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2.13. Avoiding "Do you want to change the current @RISK settings to match those stored?"

Applies to: @RISK for Excel 5.x–7.x

When I open certain Excel files, I get the message

The workbook workbookname has @RISK simulation settings stored in it. Do you want to change the current @RISK settings to match those stored in this workbook?

I try to clear all data via @RISK utilities before opening the workbook, but I still get this message. I need to get rid of this message as it makes all my VBA code stop. How can I suppress it?

The message is telling you that the workbook you're about to open has simulation settings inconsistent with the currently open workbook or with your defaults stored in Application Settings. It wants you to decide which set of settings should be in effect, since all open workbooks must have the same settings. You may be able to eliminate or at least reduce these warnings by adjusting your Application Settings, if you always make the same choices for all models. That is the simplest and safest approach.

You can suppress the warning and either accept or ignore the new workbook's settings by executing a line of Visual Basic code. Please see the @RISK for Excel Developer Kit manual for instructions on setting the required reference to @RISK to allow this code to execute.

(In addition to the specific code functions mentioned below, you will need to create one or more references in the Visual Basic Editor.  Please see Setting References in Visual Basic for the appropriate reference and how to set it.)

To suppress the message and load settings from the new workbook, use the Risk.SimulationSettings.LoadFromWorkbook method. For details and an example, please see "LoadFromWorkbook Method" in the @RISK for Excel Developer Kit manual referenced above.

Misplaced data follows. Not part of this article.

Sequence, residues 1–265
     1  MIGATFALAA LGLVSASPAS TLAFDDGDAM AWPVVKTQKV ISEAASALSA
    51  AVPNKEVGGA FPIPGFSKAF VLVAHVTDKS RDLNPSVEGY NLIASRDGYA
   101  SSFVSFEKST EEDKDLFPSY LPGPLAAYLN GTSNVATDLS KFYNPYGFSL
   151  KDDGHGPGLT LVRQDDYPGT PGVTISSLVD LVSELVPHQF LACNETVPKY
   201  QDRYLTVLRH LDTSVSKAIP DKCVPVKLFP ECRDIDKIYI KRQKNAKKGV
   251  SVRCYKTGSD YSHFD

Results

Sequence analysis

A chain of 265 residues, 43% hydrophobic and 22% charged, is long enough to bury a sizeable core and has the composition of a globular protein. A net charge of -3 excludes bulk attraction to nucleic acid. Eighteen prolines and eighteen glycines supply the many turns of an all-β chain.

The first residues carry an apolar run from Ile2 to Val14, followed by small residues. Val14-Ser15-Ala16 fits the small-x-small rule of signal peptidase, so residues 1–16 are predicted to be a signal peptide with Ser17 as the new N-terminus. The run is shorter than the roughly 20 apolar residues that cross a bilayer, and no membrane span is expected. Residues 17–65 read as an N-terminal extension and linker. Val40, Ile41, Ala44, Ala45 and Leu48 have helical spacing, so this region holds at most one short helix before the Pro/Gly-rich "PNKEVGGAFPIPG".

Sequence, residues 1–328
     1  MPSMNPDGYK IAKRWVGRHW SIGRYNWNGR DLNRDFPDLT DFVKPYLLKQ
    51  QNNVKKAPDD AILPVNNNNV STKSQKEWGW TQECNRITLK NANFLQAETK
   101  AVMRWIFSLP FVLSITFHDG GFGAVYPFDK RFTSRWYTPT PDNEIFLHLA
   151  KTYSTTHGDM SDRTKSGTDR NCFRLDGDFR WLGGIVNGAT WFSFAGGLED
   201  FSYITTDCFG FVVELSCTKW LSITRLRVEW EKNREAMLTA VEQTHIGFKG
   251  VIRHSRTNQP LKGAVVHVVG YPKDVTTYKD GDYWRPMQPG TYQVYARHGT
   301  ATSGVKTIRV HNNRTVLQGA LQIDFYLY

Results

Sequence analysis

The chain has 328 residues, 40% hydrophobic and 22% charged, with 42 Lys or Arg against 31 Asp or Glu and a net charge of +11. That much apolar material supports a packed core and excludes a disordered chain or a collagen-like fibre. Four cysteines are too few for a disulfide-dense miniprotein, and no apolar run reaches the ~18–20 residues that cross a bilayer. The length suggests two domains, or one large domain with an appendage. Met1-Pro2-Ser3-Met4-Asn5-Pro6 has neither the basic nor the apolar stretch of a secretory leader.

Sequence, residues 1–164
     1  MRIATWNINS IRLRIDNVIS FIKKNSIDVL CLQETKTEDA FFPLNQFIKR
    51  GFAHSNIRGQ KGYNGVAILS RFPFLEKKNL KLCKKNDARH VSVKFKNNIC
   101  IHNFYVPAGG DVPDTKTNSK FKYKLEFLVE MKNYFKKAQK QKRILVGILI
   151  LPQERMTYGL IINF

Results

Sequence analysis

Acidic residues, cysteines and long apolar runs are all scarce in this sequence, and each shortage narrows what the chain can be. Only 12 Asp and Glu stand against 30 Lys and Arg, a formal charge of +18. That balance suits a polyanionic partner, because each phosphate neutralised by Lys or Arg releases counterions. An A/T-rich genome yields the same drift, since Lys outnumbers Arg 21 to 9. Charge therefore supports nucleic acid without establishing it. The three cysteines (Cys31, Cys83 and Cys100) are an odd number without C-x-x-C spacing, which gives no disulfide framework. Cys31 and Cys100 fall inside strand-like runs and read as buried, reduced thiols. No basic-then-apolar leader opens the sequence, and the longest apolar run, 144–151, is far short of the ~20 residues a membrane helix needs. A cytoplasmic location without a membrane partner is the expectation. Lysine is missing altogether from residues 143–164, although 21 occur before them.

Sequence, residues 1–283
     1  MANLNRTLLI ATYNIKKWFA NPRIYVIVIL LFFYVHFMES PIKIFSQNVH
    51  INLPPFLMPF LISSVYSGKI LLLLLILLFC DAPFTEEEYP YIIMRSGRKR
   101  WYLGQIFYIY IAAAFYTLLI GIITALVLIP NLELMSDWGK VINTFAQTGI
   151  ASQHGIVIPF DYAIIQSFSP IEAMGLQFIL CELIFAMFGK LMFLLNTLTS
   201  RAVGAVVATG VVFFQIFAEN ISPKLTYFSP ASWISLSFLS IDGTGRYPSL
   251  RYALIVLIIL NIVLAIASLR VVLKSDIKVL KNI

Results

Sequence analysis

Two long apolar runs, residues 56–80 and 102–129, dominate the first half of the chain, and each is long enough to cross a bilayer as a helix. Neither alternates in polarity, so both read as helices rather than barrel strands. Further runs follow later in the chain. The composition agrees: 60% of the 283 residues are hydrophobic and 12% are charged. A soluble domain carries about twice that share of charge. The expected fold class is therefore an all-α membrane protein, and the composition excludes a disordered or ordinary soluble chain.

To suppress the warning and ignore the settings in the new workbook, execute the following code in a macro before opening the workbook:

Risk.DisplayAlerts = False

After you open the workbook, we strongly recommend(*) executing this code:

Risk.DisplayAlerts = True

(*) Caution: Setting DisplayAlerts to False is potentially dangerous, because it suppresses all warnings from @RISK. Therefore, we strongly recommend that your macro set it back to True immediately after opening the workbook.

My problem is similar, but I'm getting that prompt when I open workbooks that didn't have any @RISK functions in them. I don't want to insert this macro in every workbook; what can I do?

Here is how that situation can arise: When you save a workbook while @RISK is running, if the current simulation settings are different from the current Application Settings, @RISK stores the current simulation settings in a hidden sheet in the workbook. This occurs whether or not the workbook contains any @RISK functions (because for all @RISK knows you might intend to add some @RISK functions to it later). If you later open your @RISK model and change some settings, the new stored settings in the @RISK workbook are different from the old stored settings in your non-@RISK workbook, so when you open the non-@RISK workbook you get the prompt.

To solve this, you need to remove the @RISK settings from the non-@RISK workbooks and ensure that they are not written again in the future:

  1. Run @RISK, and open the workbook that contains your @RISK functions plus the workbook(s) that do not.
  2. Change Application settings (in the @RISK Utilities menu) to match simulation settings.
  3. Save the workbook that contains @RISK functions.
  4. In the @RISK Utilities menu, select Clear @RISK Data, tick all four boxes, and click OK.
  5. (This step can be skipped with @RISK 5.7 and above.) In the @RISK Utilities menu, select Unload @RISK Add-in.
  6. Save the workbooks.

If later you want to change simulation settings in your @RISK workbook, do it by changing Application Settings. Remember, when you store a non-@RISK workbook, you want Application Settings and simulation settings to be the same, so that simulation settings don't get stored in the non-@RISK workbook. As an alternative, you can unload the @RISK add-in before storing the non-@RISK workbooks.

See also: @RISK Changes Simulation Settings When Non-@RISK Workbook Is Opened (only with @RISK 6.3)

Last edited: 2015-12-04

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